Biparental care is most common in birds. 90% of avian species are socially monogamous (but only 3% of mammals). Both bird parents share incubation and brooding duties.

For some birds, paternal interest is more or less enthusiastic, depending the partner. A male blue tit is a more diligent father when he considers his mate attractive.

 Demurring Murres

Reproductive success requires a high degree of cooperation by each mate, as they switch duties. ~ American wildlife biologist John Piatt on murres

The common murre lives its life at sea, fishing in the frigid waters of the northern oceans. It spends time on land only to breed, in a high-density colony on rocky shoreline cliffs.

A common murre female lays a single egg per breeding season. Parenting is shared between mates.

Communication between mates allows murres to negotiate the level of effort that each member of the pair puts into the breeding effort. ~ John Piatt

Mom and dad take turns watching over the chick while the other goes fishing. When one parent returns with a meal, the couple preen each other and switch roles. This swapping ceremony typically transpires 3–4 times daily.

Role flipping does not always go smoothly. In some 20% of the switching ceremonies, one parent is slow to preen its mate, and then refuses to go fishing; forcing the one who just returned with a fish to go back out.

Tension also rises when the one with fishing duty comes back empty-beaked, which happens about 10% of the time. The failed fisher quickly starts to preen its mate; but the eager preening is only slowly reciprocated, or not at all.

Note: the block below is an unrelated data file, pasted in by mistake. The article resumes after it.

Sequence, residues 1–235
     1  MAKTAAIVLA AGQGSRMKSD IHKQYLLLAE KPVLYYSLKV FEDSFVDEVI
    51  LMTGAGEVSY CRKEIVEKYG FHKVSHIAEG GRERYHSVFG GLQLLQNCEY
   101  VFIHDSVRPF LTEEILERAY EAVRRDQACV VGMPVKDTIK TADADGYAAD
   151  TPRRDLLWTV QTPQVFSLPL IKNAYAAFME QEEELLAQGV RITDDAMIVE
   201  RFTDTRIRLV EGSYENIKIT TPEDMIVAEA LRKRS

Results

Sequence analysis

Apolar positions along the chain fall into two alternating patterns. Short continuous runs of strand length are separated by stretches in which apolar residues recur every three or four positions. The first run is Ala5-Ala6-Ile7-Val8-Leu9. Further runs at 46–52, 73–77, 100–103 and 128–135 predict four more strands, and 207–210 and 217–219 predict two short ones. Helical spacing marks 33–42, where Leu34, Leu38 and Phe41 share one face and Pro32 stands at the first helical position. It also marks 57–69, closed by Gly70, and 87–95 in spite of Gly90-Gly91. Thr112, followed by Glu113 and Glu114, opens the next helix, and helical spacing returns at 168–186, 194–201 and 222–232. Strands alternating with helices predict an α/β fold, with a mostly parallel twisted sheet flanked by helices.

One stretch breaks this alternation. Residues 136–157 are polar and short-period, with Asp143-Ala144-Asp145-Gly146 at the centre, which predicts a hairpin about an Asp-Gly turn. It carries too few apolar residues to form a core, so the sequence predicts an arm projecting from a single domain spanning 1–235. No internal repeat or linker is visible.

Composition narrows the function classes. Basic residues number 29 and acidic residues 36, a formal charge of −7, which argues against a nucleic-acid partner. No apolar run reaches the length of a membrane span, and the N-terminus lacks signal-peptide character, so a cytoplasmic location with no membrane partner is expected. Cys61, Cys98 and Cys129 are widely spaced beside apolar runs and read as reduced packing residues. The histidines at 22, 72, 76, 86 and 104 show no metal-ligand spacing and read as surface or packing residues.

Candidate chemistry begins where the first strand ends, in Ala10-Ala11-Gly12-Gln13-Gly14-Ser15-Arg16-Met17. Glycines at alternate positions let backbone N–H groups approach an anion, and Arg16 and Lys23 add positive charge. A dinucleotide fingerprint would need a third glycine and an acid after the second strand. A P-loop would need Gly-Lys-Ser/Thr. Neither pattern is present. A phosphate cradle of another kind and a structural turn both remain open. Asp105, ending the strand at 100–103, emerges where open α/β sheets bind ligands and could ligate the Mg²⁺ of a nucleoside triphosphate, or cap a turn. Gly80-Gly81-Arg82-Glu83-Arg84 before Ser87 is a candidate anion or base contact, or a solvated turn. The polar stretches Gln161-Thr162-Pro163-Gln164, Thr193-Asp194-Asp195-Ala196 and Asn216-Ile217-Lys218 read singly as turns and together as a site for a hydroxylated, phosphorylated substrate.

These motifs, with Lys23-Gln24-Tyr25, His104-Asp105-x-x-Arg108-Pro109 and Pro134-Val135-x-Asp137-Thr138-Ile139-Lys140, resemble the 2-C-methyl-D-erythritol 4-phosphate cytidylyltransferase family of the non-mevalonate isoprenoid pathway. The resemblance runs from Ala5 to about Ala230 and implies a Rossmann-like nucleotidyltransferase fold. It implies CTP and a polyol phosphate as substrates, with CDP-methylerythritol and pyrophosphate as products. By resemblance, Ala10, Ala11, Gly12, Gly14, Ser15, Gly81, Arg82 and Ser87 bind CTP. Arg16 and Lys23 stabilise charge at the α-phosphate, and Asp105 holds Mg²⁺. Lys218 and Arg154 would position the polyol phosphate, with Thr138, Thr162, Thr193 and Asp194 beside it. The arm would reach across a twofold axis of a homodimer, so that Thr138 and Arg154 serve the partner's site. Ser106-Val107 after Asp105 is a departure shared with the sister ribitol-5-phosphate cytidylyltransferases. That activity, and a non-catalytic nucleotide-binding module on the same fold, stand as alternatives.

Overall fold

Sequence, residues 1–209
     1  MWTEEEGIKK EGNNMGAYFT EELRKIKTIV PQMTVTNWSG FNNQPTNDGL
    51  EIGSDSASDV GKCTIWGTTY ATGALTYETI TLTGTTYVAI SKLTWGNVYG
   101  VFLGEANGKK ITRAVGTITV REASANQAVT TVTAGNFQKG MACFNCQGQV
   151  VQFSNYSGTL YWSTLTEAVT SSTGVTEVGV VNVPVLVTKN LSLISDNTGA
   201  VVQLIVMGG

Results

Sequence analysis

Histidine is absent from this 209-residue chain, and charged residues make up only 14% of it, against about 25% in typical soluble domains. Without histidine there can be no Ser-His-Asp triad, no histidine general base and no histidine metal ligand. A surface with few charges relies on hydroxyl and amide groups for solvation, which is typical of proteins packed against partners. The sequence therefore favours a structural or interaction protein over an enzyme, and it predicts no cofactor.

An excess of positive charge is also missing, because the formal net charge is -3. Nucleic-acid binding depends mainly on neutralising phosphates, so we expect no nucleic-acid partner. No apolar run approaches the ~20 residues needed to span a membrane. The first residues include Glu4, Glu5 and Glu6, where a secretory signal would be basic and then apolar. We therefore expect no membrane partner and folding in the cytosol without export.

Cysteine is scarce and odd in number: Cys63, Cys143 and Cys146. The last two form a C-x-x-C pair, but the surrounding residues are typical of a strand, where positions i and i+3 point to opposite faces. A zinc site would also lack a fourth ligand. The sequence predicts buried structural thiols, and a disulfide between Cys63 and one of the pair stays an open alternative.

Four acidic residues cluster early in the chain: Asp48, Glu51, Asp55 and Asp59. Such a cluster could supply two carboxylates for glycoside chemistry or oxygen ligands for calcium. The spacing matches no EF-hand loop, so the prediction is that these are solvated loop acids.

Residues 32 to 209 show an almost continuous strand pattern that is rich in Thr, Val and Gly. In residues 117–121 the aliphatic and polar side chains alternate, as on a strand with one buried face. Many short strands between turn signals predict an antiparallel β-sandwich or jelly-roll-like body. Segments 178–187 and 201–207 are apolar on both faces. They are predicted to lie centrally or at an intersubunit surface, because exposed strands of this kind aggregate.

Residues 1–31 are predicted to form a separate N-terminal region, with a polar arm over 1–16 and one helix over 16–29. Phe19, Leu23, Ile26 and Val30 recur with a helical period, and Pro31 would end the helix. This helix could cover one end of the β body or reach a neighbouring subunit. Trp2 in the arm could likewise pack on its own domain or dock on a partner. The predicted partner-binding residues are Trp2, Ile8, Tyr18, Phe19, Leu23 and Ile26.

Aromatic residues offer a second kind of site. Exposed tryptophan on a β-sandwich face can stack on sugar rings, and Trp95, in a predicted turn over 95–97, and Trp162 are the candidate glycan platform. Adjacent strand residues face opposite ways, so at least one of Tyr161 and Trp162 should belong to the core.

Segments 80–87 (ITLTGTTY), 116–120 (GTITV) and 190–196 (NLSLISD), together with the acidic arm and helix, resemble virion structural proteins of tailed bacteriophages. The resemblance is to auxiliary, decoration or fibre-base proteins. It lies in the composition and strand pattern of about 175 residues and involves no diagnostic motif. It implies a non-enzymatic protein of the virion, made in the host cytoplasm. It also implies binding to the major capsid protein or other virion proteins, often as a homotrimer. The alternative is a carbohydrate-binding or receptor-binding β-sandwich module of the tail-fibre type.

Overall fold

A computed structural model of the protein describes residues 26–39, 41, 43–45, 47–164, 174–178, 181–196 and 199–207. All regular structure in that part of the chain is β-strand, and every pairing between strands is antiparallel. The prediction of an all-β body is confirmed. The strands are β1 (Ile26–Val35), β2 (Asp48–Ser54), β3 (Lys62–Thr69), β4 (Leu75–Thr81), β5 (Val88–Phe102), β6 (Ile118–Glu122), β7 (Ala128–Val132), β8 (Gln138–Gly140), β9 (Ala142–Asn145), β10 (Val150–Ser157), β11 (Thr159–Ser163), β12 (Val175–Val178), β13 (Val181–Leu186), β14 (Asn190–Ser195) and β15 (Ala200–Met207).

The brooder is basically communicating: “The chick still needs a fish; you better go get one.” ~ Canadian psychologist and ethologist Carolyn Walsh

The swapping ceremony is a way for these seabirds to communicate their well-being, and to negotiate. Staying in the nest allows a worn-out murre to recover its strength. It may well need the respite.

Flying out to sea to fish is taxing for murres, as these birds are not very aerodynamic. Though fast fliers, murres are not very agile.

There is a correlation between feeling well and swapping ceremony performance. While being a good mate sometimes requires forbearance, chronic shirking gets old.

Murres usually mate for life, but pairs sometimes divorce. Whether a couple is heading toward a split is a tale foretold in its role-swapping negotiations.


2% of bird species have a propensity to pilfer. Certain bird families are more prone than others. Birds of prey and seabirds tend to thievery, while songbirds much less so.

How birds make their living extends to their social graces (or lack thereof). Care in parenting may be altogether quite different.

Terns are prone to relieve larger species of their catches, and well as con one another. A female tern flirted with fish-toting males just long enough to sidle close and nab their food. Such antics are no reflection on parenting. A study found that tern thieves “were far and away the best parents.”

Many birds vocalize at their young. This often starts before hatching. A mallard mother-to-be mutters to her eggs. The tiny ducklings within respond when near hatching time, uttering sounds of their own. This part of the imprinting process, by which ducklings know to follow their mother.